Many small businesses are still in the dark about plans for the new secure credit cards that are to be introduced nationwide by 2005, the Federation of Small Businesses (FSB) has warned.
A chip and Pin credit card trial, with smartcard technology and four-digit Pin numbers replacing signatures, is underway in Northampton.
But last week the managing director of Visa UK, Colin Grannell, admitted that effective national roll-out of the £1.1bn fraud-busting scheme will depend on communication rather than technology.
Now his concerns about the huge communication project are being echoed by the FSB.
The organisation, which represents small- and medium-sized businesses (SMEs), fears its members will suffer at the start of 2005, when businesses that do not have the new point-of-sale terminals will become liable in the event of fraud.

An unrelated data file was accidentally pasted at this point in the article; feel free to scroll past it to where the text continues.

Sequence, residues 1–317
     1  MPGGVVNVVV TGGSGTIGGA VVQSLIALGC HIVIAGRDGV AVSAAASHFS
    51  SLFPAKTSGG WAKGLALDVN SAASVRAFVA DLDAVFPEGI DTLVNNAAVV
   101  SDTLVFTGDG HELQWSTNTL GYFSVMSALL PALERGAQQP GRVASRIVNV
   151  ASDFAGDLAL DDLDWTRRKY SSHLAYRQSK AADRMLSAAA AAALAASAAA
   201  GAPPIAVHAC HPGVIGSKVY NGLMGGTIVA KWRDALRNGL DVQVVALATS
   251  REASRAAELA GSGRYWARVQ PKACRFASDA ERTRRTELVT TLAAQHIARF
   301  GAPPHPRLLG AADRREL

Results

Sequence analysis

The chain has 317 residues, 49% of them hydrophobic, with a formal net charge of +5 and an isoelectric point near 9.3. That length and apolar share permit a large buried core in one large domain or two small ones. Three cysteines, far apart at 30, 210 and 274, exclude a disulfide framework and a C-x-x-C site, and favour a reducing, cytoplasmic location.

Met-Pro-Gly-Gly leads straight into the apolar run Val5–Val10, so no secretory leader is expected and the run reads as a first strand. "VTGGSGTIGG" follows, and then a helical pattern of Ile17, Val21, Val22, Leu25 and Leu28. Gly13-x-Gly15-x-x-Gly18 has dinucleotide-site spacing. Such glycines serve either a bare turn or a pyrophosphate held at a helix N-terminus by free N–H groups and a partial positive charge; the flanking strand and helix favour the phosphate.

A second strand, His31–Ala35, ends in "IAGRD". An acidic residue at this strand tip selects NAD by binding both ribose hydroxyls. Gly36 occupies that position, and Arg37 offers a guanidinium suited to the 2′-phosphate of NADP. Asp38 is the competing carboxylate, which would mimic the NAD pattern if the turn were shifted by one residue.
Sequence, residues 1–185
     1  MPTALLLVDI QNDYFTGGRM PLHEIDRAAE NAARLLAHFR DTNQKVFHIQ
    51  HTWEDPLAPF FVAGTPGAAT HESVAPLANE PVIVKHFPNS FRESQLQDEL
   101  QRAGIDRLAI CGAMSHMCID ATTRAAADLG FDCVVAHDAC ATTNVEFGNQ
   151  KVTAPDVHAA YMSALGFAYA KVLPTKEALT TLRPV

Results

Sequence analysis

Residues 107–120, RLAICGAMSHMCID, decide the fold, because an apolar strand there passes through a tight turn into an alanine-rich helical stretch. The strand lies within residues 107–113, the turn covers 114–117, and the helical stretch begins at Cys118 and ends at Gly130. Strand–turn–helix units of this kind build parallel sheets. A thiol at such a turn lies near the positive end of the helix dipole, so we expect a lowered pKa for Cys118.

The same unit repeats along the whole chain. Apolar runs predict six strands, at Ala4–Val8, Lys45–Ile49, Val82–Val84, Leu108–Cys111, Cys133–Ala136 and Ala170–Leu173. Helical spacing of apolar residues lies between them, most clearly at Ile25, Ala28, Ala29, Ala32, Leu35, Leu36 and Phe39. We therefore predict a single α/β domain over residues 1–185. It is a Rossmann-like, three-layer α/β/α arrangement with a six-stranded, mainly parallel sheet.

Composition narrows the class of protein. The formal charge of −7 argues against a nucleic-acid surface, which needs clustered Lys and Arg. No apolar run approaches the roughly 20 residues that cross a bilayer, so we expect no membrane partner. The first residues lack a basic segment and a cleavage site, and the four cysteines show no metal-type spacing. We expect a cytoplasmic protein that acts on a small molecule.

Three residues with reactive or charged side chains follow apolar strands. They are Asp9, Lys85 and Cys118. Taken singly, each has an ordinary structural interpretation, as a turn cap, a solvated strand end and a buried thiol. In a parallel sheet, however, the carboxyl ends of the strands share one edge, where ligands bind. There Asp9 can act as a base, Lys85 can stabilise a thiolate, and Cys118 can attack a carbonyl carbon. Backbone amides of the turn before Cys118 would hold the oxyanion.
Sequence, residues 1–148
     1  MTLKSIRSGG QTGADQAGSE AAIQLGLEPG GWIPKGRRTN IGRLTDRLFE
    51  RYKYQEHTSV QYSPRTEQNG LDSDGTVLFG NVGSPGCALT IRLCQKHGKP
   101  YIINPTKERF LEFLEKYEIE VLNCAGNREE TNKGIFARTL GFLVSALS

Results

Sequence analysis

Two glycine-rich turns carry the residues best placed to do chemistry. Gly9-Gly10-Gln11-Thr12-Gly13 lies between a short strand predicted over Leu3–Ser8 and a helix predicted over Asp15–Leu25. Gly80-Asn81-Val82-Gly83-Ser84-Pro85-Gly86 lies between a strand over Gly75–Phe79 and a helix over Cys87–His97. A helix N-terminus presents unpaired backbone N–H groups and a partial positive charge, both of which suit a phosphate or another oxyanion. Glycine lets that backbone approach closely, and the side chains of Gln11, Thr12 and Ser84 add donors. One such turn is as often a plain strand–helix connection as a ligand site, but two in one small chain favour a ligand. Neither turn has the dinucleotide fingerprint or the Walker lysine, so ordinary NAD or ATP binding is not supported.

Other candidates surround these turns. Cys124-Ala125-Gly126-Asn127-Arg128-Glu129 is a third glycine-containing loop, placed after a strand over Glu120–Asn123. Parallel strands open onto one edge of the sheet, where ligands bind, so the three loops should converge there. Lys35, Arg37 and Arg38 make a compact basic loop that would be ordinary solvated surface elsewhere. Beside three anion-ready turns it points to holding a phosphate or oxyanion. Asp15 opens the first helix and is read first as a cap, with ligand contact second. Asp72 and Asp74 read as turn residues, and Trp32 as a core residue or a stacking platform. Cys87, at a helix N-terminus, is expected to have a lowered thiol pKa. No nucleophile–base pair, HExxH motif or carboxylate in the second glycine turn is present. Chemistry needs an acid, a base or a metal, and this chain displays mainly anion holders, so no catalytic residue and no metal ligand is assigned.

John Walker, FSB policy chairman, said: "Businesses that rent their terminals from a bank should be okay but others could face substantial costs upgrading tothe new system."
"In many cases they know nothing about these plans. We are calling on banks to do more to promote chip and Pin in the coming months."
Walker added that the changeover deadline imposed by the banks and APACS (Association for Payment Clearing Services), which is only 18 months away, is very tight.
"If businesses don't meet the timeline they will suffer," he said.
Walker is also concerned that fraudsters will turn to 'cardholder not present' crime and buy over the internet or telephone when chip and Pin is introduced.
This form of credit card fraud grew by 15 per cent last year.
"Chip and PIN cards are a great leap forward but the banks need to do much more to combat 'cardholder not present' fraud," he said.
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